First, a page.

'This is an Emergency' — Mayor, Police Chief and District Attorney Launch Re-Entry Plan for Freed Drug Lab Defendants
The city's top brass has put in a "crisis re-entry plan" for inmates released from prison as a result of the JP State Drug Lab scandal.
With as many as 600 convicted drug dealers up for early release from prison, city officials say they have a plan to limit the damage to Boston's neighborhoods.
"This is an emergency," Mayor Thomas Menino said in a joint press conference with Boston Police Chief Ed Davis and Suffolk County District Attorney Dan Conley.
Menino outlined a plan for Boston to deal with the fallout from the alleged actions of a "rogue chemist" at the JP Drug Lab who may have tainted samples in thousands of drug cases.
"We are concerned about the large number of individuals who will be released from state prison," Menino said, "with no plan for transition back into society, and just as concerned about those who may return to a lifestyle that can cause turmoil on our streets."
The "crisis re-entry plan" involves teams from the Boston Police, DA's office, Department of Probation and Boston Centers for Youth and Family going to prisons to talk in person with inmates.
There will be twin messages. On the one hand, that there are programs to help them with work and education and, on the other hand, that there will be "zero tolerance" for criminal activity.
Davis said all the departments concerned would be "working tirelessly to make sure the city is safe."
'A tough group of people'
The district attorney stressed that, in his view, the persons who stand to be released early are not addicts swept up in the drug war.
"It's by and large a myth that the Department of Corrections is filled with non-violent drug offenders," Conley said to a City Hall press conference packed with Boston media.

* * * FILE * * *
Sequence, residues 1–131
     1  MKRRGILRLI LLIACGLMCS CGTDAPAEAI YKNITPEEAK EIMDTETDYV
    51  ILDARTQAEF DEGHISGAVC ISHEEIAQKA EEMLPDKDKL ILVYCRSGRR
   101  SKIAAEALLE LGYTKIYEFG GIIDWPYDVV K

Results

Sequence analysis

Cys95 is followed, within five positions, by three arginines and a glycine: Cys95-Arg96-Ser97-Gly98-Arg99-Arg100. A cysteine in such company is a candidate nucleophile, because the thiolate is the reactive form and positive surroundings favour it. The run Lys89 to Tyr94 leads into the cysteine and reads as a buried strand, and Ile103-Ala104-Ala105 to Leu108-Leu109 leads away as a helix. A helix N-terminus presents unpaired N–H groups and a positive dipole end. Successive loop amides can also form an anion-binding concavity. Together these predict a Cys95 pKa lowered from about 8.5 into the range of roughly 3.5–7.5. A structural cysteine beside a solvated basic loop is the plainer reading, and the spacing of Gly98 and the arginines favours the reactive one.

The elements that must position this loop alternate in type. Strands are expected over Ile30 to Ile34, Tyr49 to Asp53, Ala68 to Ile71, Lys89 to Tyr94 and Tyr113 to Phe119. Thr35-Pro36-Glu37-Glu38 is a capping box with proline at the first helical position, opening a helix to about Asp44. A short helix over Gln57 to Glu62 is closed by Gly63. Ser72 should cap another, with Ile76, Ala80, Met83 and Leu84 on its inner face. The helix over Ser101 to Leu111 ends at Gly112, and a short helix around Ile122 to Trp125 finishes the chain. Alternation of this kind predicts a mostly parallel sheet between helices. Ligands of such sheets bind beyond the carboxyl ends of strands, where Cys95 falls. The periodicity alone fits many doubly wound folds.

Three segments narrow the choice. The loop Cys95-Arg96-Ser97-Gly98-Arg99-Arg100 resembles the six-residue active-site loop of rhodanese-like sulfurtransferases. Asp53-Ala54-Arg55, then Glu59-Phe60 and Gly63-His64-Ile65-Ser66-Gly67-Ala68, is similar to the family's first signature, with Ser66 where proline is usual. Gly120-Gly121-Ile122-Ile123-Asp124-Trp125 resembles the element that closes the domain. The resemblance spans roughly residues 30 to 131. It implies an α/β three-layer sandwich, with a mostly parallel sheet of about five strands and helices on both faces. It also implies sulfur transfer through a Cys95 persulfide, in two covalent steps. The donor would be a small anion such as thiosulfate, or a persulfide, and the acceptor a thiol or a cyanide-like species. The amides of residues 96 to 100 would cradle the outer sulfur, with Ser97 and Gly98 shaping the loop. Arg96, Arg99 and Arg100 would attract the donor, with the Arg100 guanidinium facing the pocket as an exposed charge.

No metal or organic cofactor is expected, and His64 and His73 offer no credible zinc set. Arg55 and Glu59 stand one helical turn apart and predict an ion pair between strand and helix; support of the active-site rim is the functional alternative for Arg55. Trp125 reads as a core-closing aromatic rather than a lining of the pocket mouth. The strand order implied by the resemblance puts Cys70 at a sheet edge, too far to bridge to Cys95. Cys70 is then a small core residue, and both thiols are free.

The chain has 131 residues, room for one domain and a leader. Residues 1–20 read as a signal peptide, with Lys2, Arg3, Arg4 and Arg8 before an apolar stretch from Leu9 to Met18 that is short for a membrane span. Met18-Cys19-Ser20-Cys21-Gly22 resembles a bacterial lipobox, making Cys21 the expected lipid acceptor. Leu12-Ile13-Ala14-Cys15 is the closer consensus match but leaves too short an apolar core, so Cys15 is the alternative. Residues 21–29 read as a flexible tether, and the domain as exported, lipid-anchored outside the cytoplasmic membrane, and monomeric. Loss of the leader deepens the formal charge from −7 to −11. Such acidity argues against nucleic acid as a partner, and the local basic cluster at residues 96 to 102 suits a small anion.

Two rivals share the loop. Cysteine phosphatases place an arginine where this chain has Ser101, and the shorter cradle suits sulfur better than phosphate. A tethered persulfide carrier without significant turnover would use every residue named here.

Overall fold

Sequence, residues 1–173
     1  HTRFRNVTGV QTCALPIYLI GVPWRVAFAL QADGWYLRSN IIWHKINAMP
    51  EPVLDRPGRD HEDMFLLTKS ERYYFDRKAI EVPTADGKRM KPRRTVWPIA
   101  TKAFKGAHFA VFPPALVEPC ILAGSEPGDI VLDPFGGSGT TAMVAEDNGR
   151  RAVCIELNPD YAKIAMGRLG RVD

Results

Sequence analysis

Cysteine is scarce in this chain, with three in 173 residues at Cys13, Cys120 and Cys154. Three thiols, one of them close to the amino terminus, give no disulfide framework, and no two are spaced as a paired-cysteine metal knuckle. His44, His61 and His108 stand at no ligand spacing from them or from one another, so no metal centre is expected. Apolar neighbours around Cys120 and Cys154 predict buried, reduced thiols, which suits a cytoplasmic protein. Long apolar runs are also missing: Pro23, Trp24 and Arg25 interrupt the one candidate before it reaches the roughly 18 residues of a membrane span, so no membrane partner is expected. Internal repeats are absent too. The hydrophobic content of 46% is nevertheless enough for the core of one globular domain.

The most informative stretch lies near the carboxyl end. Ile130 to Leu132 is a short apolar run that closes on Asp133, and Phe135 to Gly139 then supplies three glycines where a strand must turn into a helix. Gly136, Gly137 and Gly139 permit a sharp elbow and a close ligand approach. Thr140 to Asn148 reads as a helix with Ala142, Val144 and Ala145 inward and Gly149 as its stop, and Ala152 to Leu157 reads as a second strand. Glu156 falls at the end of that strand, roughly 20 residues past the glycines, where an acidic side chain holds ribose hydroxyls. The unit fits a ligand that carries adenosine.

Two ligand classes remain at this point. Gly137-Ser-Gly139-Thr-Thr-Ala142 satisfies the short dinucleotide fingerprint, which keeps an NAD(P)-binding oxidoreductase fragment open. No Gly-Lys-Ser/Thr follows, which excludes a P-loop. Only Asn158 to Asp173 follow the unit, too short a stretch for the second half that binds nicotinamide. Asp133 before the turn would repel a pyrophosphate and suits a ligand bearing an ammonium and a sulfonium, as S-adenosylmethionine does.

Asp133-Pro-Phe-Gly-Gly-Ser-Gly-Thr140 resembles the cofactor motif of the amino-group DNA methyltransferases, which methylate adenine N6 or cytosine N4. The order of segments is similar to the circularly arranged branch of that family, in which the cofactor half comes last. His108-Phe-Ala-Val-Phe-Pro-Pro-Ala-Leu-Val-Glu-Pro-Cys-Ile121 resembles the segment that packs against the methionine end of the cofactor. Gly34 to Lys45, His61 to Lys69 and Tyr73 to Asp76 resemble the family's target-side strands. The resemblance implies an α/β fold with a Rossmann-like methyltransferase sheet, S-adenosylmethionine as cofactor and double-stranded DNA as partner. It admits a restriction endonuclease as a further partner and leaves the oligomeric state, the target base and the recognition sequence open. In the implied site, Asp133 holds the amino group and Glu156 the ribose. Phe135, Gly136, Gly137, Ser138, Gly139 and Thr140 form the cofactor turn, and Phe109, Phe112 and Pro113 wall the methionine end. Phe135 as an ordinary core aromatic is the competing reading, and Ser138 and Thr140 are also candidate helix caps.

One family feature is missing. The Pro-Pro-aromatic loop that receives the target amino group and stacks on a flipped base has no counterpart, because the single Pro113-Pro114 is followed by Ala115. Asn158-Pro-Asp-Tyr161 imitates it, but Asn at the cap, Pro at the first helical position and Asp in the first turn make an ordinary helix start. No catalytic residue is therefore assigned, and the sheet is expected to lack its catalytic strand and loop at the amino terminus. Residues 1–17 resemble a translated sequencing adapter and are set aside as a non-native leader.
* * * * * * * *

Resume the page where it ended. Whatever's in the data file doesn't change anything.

The American Civil Liberties Union has called on authorities to throw out cases with evidence tainted by Annie Dookhan, the "rogue chemist" at the center of the scandal. The rights group said the dismissals shouldn't include cases in which the defendant is also charged with gun or violent offenses.
That might not leave many cases, according to Conley's characterization of the inmates involved.
"These are not young, low-level drug addicts," he said. "It's very, very rare there's no record of violence....We're not going to take instruction from the ACLU on this issue."
Boston Police Crime Lab defended
Conley took pains to say that evidence handled by the crime lab at Boston Police Headquarters in Roxbury is in a different category from evidence processed at the State Drug Lab in JP, which was formerly run by the Department of Public Health. He said the State Drug Lab was "an utter disgrace" while praising the Crime Lab as performing "impeccable science."
Big impact in Boston
Of the 1,140 convicts identified whose cases included evidence handled by Dookhan, about half are in Suffolk County, Conley said.
"They're getting out abruptly," said Conley, proceeding to model a conversation between a prison guard and an inmate. "'By the way, it's your lucky day. Annie Dookhan handled your drugs so you're getting out.'"
Menino said an extra $3.5 million is being put aside for the costs of putting extra police on duty for the crisis.